Strip away all the busy excess and the set-up to Avenue 5 is simple enough: Due to a mysterious “gravity flip” that rattles the ship and sends the biggest space-yoga class crashing into the walls, an eight-week cruise has been knocked slightly off its trajectory. Now it’s going to take three years to get home. In this desperate situation, all eyes turn to the captain, Ryan Clark, who has the beard of a competent leader and knows how to play the role convincingly, right down to the gravitas of his fake American accent. (Having Hugh Laurie adopt the same accent he used on House, where he played a brilliant doctor, is a clever touch.)
As Ryan keeps insisting, he wasn’t the hero who saved Avenue 3 from a fire, but the myth is more rousing and reassuring than the boring fact that a sprinkler system, in combination with quick action from firefighters and paramedics, are what really mattered in that situation. Ryan’s presence on the ship is strictly ornamental, because Joe, the real captain of the ship, isn’t presentable. (“I mean, the man could barely finish, in terms of sentences” may be my favorite line of the episode.) What’s especially remarkable is that Judd and Iris (Suzy Nakamura), his right hand, don’t seem to be aware until now that their captain has no idea what he’s doing. They still insist that it’s on him to figure it out.
Most of the big laughs in “I Was Flying” come from Zach Woods as Matt Spencer, the ship’s bedraggled head of customer relations. Woods was a scene- and series-stealing regular as Jared on Silicon Valley, and here he accesses the same offbeat pathologies, as someone who’s eager to please but overwhelmed by stress and neuroses. Before the ship even gets knocked off course, Matt looks utterly defeated with his bedhead and 5 o’clock shadow, constantly getting pinballed from one irate passenger to another. When Karen (Rebecca Front), the most active of complainers (and his favorite), alerts him to the glitchy industrial scene that’s looping in her room, he reminds her that she’s not supposed to be on board anyway. (He couches his remarks with a very Jared-like anecdote: “When I was 19, I would go to music festivals and I would sleep in port-a-potties, so I’m not a stranger to stowaway culture.”)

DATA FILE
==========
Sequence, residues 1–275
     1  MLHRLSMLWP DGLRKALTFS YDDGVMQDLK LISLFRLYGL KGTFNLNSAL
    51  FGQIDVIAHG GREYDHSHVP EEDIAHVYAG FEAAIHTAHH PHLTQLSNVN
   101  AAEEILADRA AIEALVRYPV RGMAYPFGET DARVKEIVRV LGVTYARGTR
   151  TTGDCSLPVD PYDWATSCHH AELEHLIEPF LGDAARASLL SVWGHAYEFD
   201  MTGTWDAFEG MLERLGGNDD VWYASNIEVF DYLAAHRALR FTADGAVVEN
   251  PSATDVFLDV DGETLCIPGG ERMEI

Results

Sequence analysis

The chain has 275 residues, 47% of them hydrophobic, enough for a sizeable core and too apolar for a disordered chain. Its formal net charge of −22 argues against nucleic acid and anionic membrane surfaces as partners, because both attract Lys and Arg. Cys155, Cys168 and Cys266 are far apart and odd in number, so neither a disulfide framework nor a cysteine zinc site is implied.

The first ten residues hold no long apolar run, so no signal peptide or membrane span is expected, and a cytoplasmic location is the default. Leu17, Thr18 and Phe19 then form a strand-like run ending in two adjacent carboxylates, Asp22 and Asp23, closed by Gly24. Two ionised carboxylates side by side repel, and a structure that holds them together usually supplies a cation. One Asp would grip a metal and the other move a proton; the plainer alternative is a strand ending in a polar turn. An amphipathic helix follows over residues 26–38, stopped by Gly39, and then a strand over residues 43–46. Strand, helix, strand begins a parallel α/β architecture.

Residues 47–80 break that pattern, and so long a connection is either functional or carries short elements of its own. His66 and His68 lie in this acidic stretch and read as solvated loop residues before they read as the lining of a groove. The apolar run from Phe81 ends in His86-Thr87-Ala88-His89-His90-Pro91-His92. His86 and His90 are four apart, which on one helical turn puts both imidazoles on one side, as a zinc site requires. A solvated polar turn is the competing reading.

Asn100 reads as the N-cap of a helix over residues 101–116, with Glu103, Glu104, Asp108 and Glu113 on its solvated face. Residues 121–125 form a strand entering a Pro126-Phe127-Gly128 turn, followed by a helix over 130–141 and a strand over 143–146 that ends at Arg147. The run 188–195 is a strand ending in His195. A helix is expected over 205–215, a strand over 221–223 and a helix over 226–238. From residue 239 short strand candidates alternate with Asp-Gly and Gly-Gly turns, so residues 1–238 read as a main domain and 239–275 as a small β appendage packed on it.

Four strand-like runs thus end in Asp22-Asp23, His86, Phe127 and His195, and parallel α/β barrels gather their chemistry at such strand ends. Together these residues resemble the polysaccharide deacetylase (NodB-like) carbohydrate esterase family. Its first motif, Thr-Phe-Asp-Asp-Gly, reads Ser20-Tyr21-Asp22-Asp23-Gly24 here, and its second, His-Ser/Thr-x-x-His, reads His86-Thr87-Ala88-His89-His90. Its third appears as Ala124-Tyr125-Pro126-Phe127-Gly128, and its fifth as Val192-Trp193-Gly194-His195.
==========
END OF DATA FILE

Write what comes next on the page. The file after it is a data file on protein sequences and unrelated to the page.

Three years at sea is bad for everyone, but pity the customer-service rep most of all.
• “Mrs. Rodriguez, I met her yesterday. Deaf in both ears.” “You can just say ‘deaf.’”
• My favorite casting choice besides Woods may be Jessica St. Clair as Mia, one half of the feuding couple who had decided to take one last trip before getting a divorce. Fans of Andy Daly’s brilliant Comedy Central show Review will remember St. Clair as Andy’s wife, whom he divorces in the classic episode “Pancakes, Divorce, Pancakes” and who then spends the rest of the series screaming at him for it. She taps into that marital belligerence again here.
• The Judder Juice cocktail: “It’s mostly milk.”
• Among Captain Clark’s directives to panicked passengers: “If you’re not injured and you’re lying on stop of somebody who is … stop.”
• Matt, after passengers see a dead Joe floating outside the bridge window: “If it’s any consolation, he had very few loved ones.”